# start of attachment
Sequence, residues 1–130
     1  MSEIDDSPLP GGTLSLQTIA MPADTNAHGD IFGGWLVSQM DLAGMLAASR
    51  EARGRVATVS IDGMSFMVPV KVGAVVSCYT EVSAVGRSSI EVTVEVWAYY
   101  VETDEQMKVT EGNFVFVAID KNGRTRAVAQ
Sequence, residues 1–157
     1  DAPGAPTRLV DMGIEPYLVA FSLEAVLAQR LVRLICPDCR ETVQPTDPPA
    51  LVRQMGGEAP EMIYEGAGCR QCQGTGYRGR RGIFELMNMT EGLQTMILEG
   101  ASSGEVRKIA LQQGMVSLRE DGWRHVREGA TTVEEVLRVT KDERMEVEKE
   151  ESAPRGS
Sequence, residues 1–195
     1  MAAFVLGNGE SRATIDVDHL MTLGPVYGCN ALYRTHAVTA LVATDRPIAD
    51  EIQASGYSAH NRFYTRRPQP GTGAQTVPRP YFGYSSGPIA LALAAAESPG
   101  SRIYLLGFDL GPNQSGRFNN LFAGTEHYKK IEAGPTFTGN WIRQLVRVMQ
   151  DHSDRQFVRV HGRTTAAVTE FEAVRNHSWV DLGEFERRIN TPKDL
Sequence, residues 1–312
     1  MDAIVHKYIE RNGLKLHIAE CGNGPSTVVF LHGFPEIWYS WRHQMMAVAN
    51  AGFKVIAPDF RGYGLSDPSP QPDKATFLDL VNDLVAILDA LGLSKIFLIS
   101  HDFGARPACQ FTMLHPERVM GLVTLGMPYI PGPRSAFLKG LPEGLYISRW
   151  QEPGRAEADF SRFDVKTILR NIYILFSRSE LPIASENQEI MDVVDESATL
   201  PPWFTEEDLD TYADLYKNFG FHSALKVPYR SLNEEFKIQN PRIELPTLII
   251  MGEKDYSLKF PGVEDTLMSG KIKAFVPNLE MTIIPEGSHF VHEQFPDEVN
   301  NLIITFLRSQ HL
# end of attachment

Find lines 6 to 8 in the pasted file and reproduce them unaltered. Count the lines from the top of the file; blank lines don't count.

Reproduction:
     1  DAPGAPTRLV DMGIEPYLVA FSLEAVLAQR LVRLICPDCR ETVQPTDPPA
    51  LVRQMGGEAP EMIYEGAGCR QCQGTGYRGR RGIFELMNMT EGLQTMILEG
   101  ASSGEVRKIA LQQGMVSLRE DGWRHVREGA TTVEEVLRVT KDERMEVEKE